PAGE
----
If your tenants love your house, they may be willing to buy it from you. You can transfer ownership to your tenants in a couple ways:
📜 Work out a lease-to-buy contract
Lease-to-buy, or rent-to-own, generally works like this: your tenants pay a little extra each month. At the end of a specified period, that extra amount becomes a down payment on your property.
These contracts can look different, so make sure to consult an expert! Clever’s fully licensed concierge team is standing by to answer your real estate questions — or help you find the right agent for your needs.
💰 Offer seller financing
Instead of being a landlord, you’d act as the lender in a traditional mortgage transaction. Your tenants make monthly mortgage payments to you, slowly buying the home.
This is pretty rare though, and it comes with risks: there aren’t as many consumer protections as government financing.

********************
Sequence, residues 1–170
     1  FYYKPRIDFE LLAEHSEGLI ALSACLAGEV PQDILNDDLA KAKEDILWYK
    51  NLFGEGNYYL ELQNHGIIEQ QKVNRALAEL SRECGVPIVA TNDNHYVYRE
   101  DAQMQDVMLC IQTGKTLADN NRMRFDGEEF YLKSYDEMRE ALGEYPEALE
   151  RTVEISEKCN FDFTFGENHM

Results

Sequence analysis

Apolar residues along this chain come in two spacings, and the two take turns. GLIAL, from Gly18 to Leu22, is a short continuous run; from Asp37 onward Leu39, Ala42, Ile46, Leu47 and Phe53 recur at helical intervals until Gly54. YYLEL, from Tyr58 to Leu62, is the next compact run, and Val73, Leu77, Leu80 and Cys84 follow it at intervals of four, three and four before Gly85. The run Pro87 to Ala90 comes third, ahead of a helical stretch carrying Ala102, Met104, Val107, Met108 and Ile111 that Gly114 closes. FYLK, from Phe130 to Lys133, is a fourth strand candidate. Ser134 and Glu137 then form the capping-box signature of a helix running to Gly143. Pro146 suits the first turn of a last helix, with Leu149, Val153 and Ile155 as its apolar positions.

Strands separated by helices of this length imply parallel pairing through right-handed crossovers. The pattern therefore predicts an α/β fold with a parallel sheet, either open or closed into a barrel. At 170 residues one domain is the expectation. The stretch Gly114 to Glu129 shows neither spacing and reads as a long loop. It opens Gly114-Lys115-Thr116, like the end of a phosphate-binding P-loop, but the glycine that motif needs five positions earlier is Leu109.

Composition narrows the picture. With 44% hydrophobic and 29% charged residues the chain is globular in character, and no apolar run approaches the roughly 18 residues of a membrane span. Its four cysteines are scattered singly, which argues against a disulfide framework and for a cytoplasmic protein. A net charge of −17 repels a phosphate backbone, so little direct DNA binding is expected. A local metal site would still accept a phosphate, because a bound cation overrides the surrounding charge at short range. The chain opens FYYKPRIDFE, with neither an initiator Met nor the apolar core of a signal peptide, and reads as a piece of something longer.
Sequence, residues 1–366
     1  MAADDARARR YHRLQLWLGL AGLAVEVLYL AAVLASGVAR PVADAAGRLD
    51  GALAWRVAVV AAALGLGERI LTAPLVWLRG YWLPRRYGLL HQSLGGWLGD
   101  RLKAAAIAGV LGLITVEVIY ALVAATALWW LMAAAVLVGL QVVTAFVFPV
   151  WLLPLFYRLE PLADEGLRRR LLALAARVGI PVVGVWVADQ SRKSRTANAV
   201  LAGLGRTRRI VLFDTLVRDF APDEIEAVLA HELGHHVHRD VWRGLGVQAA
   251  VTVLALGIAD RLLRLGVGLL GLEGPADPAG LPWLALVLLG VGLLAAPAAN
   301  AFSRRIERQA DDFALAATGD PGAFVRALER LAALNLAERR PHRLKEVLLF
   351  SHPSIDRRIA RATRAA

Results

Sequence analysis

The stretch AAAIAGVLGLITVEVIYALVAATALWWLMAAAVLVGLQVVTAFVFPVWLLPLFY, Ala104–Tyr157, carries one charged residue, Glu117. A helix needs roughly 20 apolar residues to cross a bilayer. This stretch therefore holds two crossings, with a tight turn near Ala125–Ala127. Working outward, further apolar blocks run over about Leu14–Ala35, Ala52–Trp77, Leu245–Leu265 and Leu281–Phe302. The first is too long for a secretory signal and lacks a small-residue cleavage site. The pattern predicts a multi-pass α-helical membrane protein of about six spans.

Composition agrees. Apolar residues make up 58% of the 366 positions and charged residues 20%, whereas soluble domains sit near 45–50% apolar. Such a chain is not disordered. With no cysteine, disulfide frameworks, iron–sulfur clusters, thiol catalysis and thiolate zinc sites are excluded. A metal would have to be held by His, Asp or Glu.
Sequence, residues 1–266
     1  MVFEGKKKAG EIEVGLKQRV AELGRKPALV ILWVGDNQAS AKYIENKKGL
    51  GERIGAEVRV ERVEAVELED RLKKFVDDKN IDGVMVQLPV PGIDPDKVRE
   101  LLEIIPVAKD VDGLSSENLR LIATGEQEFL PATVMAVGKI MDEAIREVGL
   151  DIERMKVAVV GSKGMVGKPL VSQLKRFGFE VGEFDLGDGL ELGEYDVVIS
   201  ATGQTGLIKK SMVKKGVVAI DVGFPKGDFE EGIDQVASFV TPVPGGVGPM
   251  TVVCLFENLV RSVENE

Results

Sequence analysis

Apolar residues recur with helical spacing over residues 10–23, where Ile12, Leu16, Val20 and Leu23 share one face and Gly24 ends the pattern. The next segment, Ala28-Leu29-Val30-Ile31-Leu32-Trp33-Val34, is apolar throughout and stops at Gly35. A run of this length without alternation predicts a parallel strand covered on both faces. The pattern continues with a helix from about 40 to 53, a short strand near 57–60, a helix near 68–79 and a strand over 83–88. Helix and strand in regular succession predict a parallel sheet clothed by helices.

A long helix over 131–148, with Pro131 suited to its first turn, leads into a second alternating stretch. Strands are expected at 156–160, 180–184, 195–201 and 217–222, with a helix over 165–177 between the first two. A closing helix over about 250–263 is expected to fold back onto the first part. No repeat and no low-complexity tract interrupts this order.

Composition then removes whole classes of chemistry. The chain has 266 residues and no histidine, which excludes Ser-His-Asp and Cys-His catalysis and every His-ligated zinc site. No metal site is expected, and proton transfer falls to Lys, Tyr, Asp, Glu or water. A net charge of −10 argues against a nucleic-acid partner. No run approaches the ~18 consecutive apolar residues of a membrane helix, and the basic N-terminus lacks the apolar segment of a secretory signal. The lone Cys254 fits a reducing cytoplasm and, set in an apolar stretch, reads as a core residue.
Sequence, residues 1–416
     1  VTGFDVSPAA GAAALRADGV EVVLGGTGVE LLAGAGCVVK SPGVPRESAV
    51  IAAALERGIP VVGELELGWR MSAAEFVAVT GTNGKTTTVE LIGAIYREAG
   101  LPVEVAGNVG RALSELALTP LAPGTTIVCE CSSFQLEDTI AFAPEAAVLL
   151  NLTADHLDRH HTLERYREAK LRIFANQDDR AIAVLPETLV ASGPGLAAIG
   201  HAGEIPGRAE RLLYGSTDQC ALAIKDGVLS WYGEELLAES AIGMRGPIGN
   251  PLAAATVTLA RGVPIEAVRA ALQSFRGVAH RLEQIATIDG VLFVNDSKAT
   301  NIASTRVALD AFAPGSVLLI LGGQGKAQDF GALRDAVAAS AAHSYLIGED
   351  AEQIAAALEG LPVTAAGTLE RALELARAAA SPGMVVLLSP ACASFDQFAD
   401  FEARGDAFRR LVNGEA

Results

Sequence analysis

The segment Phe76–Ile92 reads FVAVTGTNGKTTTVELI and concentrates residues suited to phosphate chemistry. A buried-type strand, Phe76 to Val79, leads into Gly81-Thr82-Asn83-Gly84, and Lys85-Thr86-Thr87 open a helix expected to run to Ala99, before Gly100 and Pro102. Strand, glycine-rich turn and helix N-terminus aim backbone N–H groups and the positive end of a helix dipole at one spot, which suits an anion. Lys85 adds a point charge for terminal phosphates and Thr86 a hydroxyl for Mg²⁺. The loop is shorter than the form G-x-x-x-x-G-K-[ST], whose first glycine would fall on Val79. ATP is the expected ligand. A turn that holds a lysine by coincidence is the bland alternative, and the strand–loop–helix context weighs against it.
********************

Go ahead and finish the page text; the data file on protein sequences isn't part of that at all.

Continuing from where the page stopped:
Should you sell a house with tenants?
If you’re weighing selling a property that has tenants, consider:
These factors can help you decide whether you should sell while the property has tenants or wait until it’s vacant.
Are the leases short or long term?
While it may be easier to end month-to-month agreements than long-term leases, your buyer might have their own preference.
Fixed-term leases could be more attractive to investors
If the buyer wants to be a landlord, then fixed-term leases offer a built-in income stream. This could also help you market the property, as you could say with a bit of accuracy how much revenue a landlord can expect to bring in.